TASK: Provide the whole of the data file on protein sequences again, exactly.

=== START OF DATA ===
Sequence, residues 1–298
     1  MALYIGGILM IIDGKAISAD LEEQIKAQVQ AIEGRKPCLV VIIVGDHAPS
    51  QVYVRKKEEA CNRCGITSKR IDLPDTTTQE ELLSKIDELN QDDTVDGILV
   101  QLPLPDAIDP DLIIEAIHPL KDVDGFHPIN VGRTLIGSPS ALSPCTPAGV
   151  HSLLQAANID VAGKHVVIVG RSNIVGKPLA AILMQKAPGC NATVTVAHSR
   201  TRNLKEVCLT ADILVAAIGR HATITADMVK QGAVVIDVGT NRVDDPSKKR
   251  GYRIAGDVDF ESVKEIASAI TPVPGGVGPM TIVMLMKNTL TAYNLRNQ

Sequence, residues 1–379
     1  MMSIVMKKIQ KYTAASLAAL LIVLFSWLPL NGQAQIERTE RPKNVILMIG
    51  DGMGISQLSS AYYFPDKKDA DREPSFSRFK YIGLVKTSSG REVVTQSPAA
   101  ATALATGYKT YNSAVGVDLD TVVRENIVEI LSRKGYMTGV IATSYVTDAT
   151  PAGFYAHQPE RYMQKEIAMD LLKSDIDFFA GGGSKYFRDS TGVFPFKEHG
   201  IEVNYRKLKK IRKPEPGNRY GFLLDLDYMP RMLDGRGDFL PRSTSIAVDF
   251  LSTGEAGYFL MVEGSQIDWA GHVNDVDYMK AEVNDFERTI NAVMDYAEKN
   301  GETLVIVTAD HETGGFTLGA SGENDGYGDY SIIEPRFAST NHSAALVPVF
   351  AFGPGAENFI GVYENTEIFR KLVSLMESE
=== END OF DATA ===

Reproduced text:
Sequence, residues 1–298
     1  MALYIGGILM IIDGKAISAD LEEQIKAQVQ AIEGRKPCLV VIIVGDHAPS
    51  QVYVRKKEEA CNRCGITSKR IDLPDTTTQE ELLSKIDELN QDDTVDGILV
   101  QLPLPDAIDP DLIIEAIHPL KDVDGFHPIN VGRTLIGSPS ALSPCTPAGV
   151  HSLLQAANID VAGKHVVIVG RSNIVGKPLA AILMQKAPGC NATVTVAHSR
   201  TRNLKEVCLT ADILVAAIGR HATITADMVK QGAVVIDVGT NRVDDPSKKR
   251  GYRIAGDVDF ESVKEIASAI TPVPGGVGPM TIVMLMKNTL TAYNLRNQ

Sequence, residues 1–379
     1  MMSIVMKKIQ KYTAASLAAL LIVLFSWLPL NGQAQIERTE RPKNVILMIG
    51  DGMGISQLSS AYYFPDKKDA DREPSFSRFK YIGLVKTSSG REVVTQSPAA
   101  ATALATGYKT YNSAVGVDLD TVVRENIVEI LSRKGYMTGV IATSYVTDAT
   151  PAGFYAHQPE RYMQKEIAMD LLKSDIDFFA GGGSKYFRDS TGVFPFKEHG
   201  IEVNYRKLKK IRKPEPGNRY GFLLDLDYMP RMLDGRGDFL PRSTSIAVDF
   251  LSTGEAGYFL MVEGSQIDWA GHVNDVDYMK AEVNDFERTI NAVMDYAEKN
   301  GETLVIVTAD HETGGFTLGA SGENDGYGDY SIIEPRFAST NHSAALVPVF
   351  AFGPGAENFI GVYENTEIFR KLVSLMESE